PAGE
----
Many veterinary clinics have started to meet clients with sick animals at their cars, rather than them bringing the pet into the hospital waiting room and the veterinary nurses are wearing appropriate PPE. Additionally, many hospitals are calling clients ahead of their appointment time to take a history and get as much information as possible to again minimize contact and exposure.

Are support staff hours being cut?
This varies and is mainly anecdotal at this time. I cannot say definitively at this time.

What is the vet nurse’s role in terms of educating clients?
The Vet Nurse is the key to educating clients – they have been and now more than ever continue to be the team member responsible for client education. Clients are frightened, information is misunderstood, information is rapidly changing. Veterinary nurses are providing the current information about how COVID-19 impacts the hospital and most importantly the patient. They should remain calm, continue to educate regarding the pet and the reason that pet has been seen. They should reinforce the reasoning behind the protocols that are in place and how they support the recommendations from the CDC.

Do we have a sense of what kind of an impact this is having on revenue?
I do not have definitive data at this point, but with elective surgeries being postponed and people in general being asked to perform social distancing or even in some cities shelter in place, I anticipate that revenue is being affected.

Are clients really concerned about their pets?
Yes! Pets are members of the family and in this unprecedented time, owners are unsure as to the nature of COVID-19 and its effect on pets.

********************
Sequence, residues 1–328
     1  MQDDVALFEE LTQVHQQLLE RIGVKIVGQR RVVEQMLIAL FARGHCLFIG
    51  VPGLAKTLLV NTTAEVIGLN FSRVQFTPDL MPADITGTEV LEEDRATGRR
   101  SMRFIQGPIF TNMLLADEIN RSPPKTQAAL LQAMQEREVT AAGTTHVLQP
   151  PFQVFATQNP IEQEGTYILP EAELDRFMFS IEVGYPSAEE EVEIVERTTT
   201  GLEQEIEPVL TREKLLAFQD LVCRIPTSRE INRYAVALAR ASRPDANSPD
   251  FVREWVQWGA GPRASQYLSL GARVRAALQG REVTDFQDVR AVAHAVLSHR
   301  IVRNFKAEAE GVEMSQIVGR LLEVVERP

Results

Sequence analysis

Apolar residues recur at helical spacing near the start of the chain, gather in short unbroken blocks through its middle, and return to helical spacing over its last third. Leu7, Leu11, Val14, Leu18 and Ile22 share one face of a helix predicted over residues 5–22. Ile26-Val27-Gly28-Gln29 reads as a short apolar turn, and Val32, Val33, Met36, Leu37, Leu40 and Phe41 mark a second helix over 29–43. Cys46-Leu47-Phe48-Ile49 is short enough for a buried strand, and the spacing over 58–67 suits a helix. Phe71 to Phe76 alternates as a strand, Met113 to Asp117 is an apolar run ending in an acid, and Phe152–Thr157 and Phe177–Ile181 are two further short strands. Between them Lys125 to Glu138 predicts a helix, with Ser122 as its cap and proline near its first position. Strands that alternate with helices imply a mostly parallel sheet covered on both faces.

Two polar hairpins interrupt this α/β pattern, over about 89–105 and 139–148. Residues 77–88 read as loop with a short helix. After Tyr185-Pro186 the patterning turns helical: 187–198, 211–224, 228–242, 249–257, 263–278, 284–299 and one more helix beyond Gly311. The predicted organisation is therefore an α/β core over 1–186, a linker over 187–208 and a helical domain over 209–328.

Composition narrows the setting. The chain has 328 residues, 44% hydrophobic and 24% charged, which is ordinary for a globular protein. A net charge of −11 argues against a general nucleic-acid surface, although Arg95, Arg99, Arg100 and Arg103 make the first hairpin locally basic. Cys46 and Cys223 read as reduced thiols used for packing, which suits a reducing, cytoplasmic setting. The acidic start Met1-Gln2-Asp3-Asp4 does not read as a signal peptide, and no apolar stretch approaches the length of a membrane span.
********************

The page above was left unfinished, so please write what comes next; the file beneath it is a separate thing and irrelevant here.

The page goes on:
What’s the financial impact on this already low-paid segment of the community?
At this time I think it is too early to tell, but the potential impact could be huge. If elective procedures in both human and veterinary medicine are being postponed and with social distancing and shelter in place, veterinary hospitals may not be as busy as prior to the pandemic, and thus downsizing may occur. At the same time, veterinary hospitals are being resourceful and are utilizing their veterinary nurses in pre-history phone calls, pick up and delivery of patients to those sheltering in place or self-quarantining, assisting in telehealth, and many other innovative approaches to medicine in these extraordinary times.

With all the anxiety in general about this virus, is it overstating to say it’s amplified within the veterinary community (alongside other health professions) because they can’t work from home and financial concerns are amplified? What can be done to help alleviate this?
I think the financial concerns are amplified as financial issues have been in the forefront of veterinary medicine for some time and with all the unknowns in this extraordinary time these concerns are intensified. However, I believe veterinary and human medical professionals are empathetic and compassionate, which is why we got into this profession in the first place, so I do not think continuing to work at the hospital is creating more anxiety. The amplified anxiety I believe comes more from the concerns that many are facing – children at home and who is watching them, parents and grandparents that are higher at risk, etc.